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Dame Lesley Fallowfield, DBE, BSc, DPhil, MedSci
Professor of Psycho-oncology
Director of the Sussex Health Outcomes Research & Education in Cancer (SHORE-C)
Brighton and Sussex Medical School, University of Sussex
Brighton, United Kingdom
- Seeking to improve doctor-patient communication to reduce patient anxiety relating to genetic testing.
- An education tool is developed to improve physician communications with patients around test results and treatment options.
- This study focuses on an important component of patient care prior to and after genetic testing. If the tool is successful, it could be shared with medical institutions anywhere in the world.
In cases of an unusual breast cancer diagnosis, such as diagnosis at a young age, genetic testing for inherited mutations in breast cancer risk genes, BRCA1 and BRCA2, for instance is commonly prescribed. Many oncologists lack the necessary training for the difficult patient conversations following genetic testing. Dr. Fallowfield is leading a multi-disciplinary effort to create a training program for oncologists and genetic counselors to improve the communication skills of the healthcare team and the experience of women who face a breast cancer diagnosis and the news of a genetic susceptibility.
Full Research Summary
Genetic testing of women at high familial risk of breast cancer is not new but it is being increasingly prescribed to all patients with cancer to help refine their treatment. Learning of a high-risk genetic susceptibility to cancer when a patient might also be coping with her own diagnosis and treatment requires a level of sensitivity at the point of care.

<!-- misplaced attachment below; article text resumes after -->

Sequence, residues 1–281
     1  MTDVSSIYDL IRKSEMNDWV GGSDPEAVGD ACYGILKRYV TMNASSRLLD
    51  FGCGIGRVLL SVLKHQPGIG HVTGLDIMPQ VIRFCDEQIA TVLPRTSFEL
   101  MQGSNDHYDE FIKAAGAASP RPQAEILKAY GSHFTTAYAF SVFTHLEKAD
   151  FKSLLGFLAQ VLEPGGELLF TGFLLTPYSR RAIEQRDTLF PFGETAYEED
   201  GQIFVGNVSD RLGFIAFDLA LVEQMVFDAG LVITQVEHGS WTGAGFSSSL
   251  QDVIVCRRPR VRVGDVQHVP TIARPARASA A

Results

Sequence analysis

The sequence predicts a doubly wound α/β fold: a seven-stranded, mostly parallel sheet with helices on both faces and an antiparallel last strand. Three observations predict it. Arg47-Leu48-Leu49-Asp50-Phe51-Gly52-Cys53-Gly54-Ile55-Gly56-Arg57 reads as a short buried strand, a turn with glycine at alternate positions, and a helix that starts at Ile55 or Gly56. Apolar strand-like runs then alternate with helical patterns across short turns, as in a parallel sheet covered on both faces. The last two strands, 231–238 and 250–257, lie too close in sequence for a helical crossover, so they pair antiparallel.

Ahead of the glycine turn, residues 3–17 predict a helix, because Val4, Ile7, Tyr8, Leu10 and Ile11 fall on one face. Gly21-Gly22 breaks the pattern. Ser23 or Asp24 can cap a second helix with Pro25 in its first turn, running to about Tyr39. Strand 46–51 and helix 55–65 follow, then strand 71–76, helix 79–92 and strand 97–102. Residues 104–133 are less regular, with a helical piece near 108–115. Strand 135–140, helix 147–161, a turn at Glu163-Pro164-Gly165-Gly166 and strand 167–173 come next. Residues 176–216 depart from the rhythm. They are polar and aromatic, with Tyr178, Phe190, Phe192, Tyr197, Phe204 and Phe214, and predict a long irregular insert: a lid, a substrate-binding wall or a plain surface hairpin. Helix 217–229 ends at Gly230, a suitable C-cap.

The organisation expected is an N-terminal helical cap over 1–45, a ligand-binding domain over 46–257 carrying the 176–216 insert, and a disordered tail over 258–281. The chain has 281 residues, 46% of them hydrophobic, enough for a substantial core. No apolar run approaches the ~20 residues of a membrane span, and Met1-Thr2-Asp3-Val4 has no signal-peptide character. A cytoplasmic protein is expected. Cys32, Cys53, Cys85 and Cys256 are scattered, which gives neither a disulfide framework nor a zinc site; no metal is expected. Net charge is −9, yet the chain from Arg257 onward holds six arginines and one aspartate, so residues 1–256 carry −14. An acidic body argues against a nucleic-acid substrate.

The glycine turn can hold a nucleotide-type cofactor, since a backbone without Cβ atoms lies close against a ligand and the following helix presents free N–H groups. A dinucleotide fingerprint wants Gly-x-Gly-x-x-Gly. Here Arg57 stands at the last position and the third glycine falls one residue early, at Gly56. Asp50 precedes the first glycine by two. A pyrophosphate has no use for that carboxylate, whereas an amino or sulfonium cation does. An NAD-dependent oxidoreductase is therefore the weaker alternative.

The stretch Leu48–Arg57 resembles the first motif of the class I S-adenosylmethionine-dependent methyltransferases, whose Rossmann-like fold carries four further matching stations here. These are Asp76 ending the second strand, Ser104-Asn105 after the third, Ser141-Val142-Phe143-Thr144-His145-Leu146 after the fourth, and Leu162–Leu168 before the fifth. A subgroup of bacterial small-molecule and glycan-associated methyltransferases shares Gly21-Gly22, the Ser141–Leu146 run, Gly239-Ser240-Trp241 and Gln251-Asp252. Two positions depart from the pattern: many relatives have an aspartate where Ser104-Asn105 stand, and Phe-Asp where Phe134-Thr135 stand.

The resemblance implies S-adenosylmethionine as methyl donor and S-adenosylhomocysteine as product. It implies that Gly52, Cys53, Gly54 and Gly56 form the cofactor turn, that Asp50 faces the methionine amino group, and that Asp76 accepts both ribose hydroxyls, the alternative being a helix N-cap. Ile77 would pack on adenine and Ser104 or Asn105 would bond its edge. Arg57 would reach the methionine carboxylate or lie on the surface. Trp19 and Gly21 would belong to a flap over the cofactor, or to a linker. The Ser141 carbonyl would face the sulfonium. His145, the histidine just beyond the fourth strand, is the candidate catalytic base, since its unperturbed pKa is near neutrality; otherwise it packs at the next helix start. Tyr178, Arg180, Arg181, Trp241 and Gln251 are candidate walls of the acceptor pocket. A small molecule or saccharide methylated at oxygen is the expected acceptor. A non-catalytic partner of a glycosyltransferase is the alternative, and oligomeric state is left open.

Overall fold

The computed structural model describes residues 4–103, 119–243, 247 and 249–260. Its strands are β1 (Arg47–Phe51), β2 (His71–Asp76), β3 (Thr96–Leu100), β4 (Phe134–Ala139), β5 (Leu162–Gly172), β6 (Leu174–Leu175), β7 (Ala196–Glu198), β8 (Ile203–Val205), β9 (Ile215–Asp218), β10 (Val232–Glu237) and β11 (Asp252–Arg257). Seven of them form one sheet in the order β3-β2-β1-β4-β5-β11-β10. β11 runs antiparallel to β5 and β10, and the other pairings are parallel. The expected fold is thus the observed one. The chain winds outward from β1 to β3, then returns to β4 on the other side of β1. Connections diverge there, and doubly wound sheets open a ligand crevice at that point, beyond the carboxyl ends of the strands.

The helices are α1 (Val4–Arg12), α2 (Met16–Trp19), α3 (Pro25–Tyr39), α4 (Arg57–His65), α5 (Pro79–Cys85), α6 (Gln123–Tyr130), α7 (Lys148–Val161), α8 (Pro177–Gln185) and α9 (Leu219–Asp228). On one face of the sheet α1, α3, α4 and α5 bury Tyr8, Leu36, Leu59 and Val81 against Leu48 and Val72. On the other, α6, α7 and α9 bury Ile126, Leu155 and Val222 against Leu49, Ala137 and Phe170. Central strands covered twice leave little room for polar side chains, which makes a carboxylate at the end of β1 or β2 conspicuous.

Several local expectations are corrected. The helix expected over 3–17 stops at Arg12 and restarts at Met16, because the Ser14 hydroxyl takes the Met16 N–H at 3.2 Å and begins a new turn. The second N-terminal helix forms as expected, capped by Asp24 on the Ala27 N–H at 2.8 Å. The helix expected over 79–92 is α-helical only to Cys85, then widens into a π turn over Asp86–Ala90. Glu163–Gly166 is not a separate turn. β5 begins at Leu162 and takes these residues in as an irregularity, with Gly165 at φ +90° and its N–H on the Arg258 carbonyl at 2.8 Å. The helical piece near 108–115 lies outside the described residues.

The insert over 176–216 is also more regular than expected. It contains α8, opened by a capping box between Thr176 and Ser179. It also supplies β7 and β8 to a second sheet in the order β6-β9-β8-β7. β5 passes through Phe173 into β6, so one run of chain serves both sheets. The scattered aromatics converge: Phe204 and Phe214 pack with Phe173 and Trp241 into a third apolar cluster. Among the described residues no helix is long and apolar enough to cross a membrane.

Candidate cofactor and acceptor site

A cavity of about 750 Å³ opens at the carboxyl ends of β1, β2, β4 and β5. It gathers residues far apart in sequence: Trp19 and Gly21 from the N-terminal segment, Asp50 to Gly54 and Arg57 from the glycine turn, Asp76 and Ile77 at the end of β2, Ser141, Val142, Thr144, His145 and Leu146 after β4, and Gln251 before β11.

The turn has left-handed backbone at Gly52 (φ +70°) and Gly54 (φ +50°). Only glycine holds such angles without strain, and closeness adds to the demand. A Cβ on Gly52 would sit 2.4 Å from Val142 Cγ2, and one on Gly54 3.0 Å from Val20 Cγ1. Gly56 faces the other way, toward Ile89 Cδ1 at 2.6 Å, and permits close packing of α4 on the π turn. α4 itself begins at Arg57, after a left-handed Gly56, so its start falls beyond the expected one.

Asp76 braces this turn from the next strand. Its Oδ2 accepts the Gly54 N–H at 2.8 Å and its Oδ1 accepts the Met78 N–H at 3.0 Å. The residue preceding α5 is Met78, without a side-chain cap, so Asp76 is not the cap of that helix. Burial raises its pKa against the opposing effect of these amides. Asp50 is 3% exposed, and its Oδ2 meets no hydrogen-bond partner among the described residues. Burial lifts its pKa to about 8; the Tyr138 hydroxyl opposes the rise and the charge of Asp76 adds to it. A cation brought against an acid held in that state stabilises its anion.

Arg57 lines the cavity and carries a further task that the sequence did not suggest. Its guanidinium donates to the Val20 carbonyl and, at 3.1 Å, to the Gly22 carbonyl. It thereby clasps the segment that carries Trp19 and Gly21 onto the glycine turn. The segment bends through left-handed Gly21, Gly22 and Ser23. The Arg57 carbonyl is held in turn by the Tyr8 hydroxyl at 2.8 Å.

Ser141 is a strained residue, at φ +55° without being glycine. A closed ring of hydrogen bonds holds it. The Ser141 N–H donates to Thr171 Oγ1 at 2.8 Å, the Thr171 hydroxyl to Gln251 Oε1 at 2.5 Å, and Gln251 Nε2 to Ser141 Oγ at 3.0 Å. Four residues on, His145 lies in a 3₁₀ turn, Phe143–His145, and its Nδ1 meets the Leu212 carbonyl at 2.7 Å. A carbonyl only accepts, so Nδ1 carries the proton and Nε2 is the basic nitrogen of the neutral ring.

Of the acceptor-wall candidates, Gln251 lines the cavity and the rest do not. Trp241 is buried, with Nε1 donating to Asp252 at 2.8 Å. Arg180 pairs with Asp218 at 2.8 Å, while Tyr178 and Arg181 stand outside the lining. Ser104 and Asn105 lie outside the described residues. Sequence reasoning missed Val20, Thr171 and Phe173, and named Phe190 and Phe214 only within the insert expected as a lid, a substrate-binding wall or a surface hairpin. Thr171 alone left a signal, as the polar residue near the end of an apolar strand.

Women worry not only about implications for their own future risks and treatment options but also about the risks and options for their families. Few oncologists are experienced in genetic testing and many genetic counsellors are not experienced in cancer care. Yet, both may be faced with discussing genetic testing and the consequences of a high-risk diagnosis such as testing positive for an abnormal BRCA1 gene, helping patients to understand complex information, and facilitate sharing of this with relevant family members. All these conversations can be challenging.
In the next year, Dr. Fallowfield will capitalize on her experience and reputation for designing evidence-based communication skills training and design materials for a facilitator-led program entitled TRUSTING - Talking about Risk, Uncertainties of Testing IN Genetics. The program will be developed with experienced geneticists, oncologists, surgeons, psychologists, ethicists and importantly, patients.
This training is urgently needed to guide the healthcare team in appropriately discussing the outcomes of genetic testing to ensure that patients are supported during the pre- and post-testing phases.
Dame Lesley Fallowfield is Professor of Psycho-oncology at Brighton & Sussex Medical School, University of Sussex where she is Director of the Sussex Health Outcomes Research & Education in Cancer (SHORE-C) group. Dame Lesley originally trained as a nurse at Guy’s Hospital, London but then did a BSc in Experimental Psychology at Sussex. Research for her doctorate examining the perceptual correlates of optic nerve damage in demyelinating diseases was completed at the Universities of Sussex and Cambridge. The death of a close friend from cancer in 1984 led to a career change; she joined a breast cancer surgeon, Professor Michael Baum in the King’s College Hospital, London, Clinical Trials Unit measuring the psychosocial sequelae of breast cancer. In 1991 she became the full-time Director of a Psychosocial Oncology Group and was awarded the first European Chair in Psycho-oncology from University College, London in 1997. Dame Lesley’s research interests are eclectic and include the measurement of quality of life in clinical trials of cancer therapy, the evaluation of interventions aimed at ameliorating the side-effects of treatments the training of communication skills for health care professionals in cancer and information materials for patients contemplating trial enrolment. She has developed many validated patient reported outcome measures that are used in many international breast cancer clinical trials, published over 400 papers, many book chapters and 3 text books. She lectures and runs training workshops throughout the world in psychosocial oncology, quality of life assessment and communication skills. In 2008 she was made a Fellow of the UK Academy of Medical Sciences. In 2016 she was made a Dame Commander of the Order of the British Empire by Queen Elizabeth II for services to psycho-oncology.
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